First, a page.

As more becomes known about this Act, we will be available to discuss it further.  If we can be of assistance to you in the area of income tax or estate/gift tax planning, or, if you have any questions or wish to discuss your estate plan in light of the Act, please do not hesitate to contact us.

Please call our office at (818) 501-5800 at your earliest convenience, and we will gladly schedule time to meet with you and review your estate planning documents.  In some cases, no changes will be required.  In others, we will recommend changes.  We cannot know, in advance, whether your documents will require changes to best take advantage of the current state of the estate tax law until we have a chance to review your documents with you.

Nonetheless, we strongly believe that it is important that your estate planning documents produce the result you want.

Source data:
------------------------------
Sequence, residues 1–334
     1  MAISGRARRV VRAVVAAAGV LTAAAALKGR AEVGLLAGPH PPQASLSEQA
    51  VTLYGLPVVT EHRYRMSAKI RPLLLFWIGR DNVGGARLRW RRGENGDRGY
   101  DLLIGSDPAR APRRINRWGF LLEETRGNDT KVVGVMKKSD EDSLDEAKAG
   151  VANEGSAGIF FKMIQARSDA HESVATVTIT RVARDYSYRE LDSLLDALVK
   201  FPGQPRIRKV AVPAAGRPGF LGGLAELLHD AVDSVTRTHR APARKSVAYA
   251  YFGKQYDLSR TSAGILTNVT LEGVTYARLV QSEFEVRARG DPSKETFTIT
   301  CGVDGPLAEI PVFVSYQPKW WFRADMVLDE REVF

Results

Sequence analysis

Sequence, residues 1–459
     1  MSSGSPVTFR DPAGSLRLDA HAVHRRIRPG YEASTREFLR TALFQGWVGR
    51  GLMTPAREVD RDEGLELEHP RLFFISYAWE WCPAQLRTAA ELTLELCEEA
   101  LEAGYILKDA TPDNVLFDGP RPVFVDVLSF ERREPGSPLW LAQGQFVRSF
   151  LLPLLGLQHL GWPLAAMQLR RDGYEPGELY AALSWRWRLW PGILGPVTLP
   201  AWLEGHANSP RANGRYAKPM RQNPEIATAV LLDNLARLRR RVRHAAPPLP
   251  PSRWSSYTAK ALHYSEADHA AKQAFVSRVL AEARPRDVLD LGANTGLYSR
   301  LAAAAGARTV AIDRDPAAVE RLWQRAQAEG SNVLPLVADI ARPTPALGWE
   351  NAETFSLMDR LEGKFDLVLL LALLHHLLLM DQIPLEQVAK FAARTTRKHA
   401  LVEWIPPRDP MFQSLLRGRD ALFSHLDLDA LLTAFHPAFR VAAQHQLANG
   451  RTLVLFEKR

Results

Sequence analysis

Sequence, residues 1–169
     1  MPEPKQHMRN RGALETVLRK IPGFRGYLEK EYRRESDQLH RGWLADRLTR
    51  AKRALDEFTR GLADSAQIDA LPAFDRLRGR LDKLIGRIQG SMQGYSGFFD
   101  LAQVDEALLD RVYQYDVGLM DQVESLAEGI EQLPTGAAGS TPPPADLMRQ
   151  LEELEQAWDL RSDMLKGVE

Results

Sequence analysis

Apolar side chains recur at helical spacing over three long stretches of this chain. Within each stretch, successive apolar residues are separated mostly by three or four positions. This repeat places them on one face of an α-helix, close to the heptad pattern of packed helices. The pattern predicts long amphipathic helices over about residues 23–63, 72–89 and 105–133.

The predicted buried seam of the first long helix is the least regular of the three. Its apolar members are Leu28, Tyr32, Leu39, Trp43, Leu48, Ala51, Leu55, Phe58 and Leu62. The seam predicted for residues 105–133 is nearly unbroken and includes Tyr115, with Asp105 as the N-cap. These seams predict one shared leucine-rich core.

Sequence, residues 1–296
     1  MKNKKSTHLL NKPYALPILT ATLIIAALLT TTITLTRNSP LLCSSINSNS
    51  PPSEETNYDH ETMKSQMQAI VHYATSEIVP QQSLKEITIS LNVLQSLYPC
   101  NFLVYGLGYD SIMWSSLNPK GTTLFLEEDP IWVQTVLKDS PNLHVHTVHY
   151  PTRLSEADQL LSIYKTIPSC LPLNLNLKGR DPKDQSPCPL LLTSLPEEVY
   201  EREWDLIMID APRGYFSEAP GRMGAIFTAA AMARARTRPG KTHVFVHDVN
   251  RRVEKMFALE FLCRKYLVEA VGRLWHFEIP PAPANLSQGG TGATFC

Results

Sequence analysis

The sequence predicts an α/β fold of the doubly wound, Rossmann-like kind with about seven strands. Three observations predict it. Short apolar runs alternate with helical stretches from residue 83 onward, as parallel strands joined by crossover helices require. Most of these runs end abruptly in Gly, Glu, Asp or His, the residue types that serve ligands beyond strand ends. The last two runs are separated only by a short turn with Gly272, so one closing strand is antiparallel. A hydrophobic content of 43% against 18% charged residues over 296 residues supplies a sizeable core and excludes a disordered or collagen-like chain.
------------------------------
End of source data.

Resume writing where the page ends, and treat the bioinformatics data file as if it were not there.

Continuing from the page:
Start reading from the beginning of this blog series on the 2010 Tax Act:

Important Estate Tax Aspects of the 2010 Tax Act (the “Act”)

What’s NOT in The 2010 Tax Act

There are two key provisions that many commentators feared would be in the 2010 Tax Act, but which were not included in it.

Specifically, there have been several proposals to place limits on Grantor Retained Annuity Trusts (“GRATs”), which allow individuals to transfer wealth out of their estates with as little as a zero estate or gift tax cost that would have made GRATs less valuable from an estate planning perspective.  There have also been several proposals to limit valuation discounts in connection with certain estate planning techniques such as family limited partnerships. There were no such provisions included in the Act.  Therefore, these techniques continue to be available to move wealth to lower generations.

Temporary Relief Does Not Extend to Non-US Citizens Who Are Not Residents for Estate Tax Purposes